I was trying to remember the 'rules' for a pindaric ode when I ran across this useful article. I say useful because it is useful to stretch into different forms. I think working a forum before breaking out of it is a way to improve my writing. Quoted in part and linking to the original.
"By Gary R. Hess. Category: Poetry
This article contains the many different poem types. These include all known (at least to my research) forms that poems may take.
A poem that has five lines and creates a mood, picture, or feeling. Lines 1 through 4 are made up of words, phrases or clauses while the first word of each line is in alphabetical order. Line 5 is one sentence long and begins with any letter.
Poetry that certain letters, usually the first in each line form a word or message when read in a sequence. Example: Edgar Allan Poe's "A Valentine".
A poem that tells a story similar to a folk tale or legend which often has a repeated refrain. Read more about ballads.
Poetry which has three stanzas of seven, eight or ten lines and a shorter final stanza of four or five. All stanzas end with the same one line refrain.
A poem written in unrhymed iambic pentameter and is often unobtrusive. The iambic pentameter form often resembles the rhythms of speech. Example: Alfred Tennyson's "Ulysses".
A poem written about one self's life, personality traits, and ambitions. Example: Jean Ingelow's "One Morning, Oh! So Early".
Poetry that treats a serious subject as humor. Example: E. E. Cummings "O Distinct".
Medieval Italian lyric style poetry with five or six stanzas and a shorter ending stanza.
Latin expression that means 'seize the day.' Carpe diem poems have a theme of living for today.
Poetry with five lines. Line 1 has one word (the title). Line 2 has two words that describe the title. Line 3 has three words that tell the action. Line 4 has four words that express the feeling, and line 5 has one word which recalls the title. Read more about cinquain poetry.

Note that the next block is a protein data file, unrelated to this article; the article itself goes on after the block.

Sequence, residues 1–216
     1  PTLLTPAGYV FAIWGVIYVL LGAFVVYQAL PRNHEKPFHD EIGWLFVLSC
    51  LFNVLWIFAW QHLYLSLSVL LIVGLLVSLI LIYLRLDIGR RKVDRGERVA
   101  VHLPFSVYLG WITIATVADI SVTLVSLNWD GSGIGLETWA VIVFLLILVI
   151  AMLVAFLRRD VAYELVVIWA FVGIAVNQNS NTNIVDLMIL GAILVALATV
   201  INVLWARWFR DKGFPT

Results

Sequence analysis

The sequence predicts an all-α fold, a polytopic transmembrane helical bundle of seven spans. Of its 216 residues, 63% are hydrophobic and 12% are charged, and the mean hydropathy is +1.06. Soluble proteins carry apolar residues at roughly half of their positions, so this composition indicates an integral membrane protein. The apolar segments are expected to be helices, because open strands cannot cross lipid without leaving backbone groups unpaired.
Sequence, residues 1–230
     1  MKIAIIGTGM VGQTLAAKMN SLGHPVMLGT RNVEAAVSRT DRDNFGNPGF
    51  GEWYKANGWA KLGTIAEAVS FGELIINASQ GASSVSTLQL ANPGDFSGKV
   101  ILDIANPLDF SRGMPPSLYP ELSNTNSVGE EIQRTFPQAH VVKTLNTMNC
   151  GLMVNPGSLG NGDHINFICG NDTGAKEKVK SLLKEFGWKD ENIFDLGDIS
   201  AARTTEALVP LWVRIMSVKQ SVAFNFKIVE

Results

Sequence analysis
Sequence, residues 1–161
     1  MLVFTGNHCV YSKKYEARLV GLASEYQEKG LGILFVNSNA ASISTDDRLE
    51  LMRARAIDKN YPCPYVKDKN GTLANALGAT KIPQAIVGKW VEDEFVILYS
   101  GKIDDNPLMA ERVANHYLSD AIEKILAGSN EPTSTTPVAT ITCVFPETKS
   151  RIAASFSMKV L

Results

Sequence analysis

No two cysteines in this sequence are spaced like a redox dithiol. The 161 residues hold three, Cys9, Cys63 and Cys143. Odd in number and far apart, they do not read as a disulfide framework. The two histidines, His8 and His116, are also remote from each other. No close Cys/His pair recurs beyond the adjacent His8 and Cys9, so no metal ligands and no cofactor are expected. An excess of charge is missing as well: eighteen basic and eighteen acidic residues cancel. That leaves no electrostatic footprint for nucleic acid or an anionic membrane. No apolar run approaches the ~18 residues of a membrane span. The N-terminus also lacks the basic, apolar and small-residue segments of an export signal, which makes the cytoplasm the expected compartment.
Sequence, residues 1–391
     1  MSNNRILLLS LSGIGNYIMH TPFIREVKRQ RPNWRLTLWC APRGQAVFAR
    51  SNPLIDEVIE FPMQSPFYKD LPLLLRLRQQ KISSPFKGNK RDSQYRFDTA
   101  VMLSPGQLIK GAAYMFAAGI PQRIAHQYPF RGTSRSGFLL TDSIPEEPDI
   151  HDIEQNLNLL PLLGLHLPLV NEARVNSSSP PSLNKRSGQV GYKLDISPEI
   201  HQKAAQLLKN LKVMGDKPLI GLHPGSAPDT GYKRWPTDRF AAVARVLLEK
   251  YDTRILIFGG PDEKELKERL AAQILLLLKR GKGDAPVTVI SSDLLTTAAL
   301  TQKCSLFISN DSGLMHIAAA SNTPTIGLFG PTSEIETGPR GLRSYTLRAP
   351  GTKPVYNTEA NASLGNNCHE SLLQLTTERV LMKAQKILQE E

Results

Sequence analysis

Poetry which holds the principles and ideals of beauty that are characteristic of Greek and Roman art, architecture, and literature.
Also known as "size poetry". Concrete poetry uses typographical arrangements to display an element of the poem. This can either be through re-arrangement of letters of a word or by arranging the words as a shape. Read more about concrete poetry.
This type of poem is two lines which may be rhymed or unrhymed. Example: Walt Whitman's "To You".
A type of poem which is spoken to a listener. The speaker addresses a specific topic while the listener unwittingly reveals details about him/herself.
A sad and thoughtful poem about the death of an individual. Example: Gary R. Hess's "1983".
An extensive, serious poem that tells the story about a heroic figure.
A very short, ironic and witty poem usually written as a brief couplet or quatrain. The term is derived from the Greek epigramma meaning inscription.
A commemorative inscription on a tomb or mortuary monument written to praise the deceased. Example: Ben Jonson's "On My First Sonne".
A poem written in honor of the bride and groom.
Free verse (vers libre)
Poetry written in either rhyme or unrhymed lines that have no set fixed metrical pattern. Read more: What is Free Verse Poetry?
Poetry created by taking words, phrases, and passages from other sources and re-framing them by adding spaces, lines, or by altering the text with additions or subtractions.
A short lyrical poem that arose in Urdu. It is between 5 and 15 couplets long. Each couplet contains its own poetic thought but is linked in rhyme that is established in the first couplet and continued in the second line of each pair. The lines of each couplet are equal in length. Themes are usually connected to love and romance. The closing signature often includes the poet's name or allusion to it.
A Japanese poem composed of three unrhymed lines of five, seven, and five morae, usually containing a season word. Read more about haiku poetry.
Short lyric poem written in two or four-line stanzas, each with its the same metrical pattern, often addressed to a friend and deal with friendship, love and the practice of poetry. It is named after its creator, Horace.
One short syllable followed by one long one five sets in a row. Example: la-LAH la-LAH la-LAH la-LAH la-LAH. Used extensively in sonnets.
Writers Rule... especially Ninja Writers.
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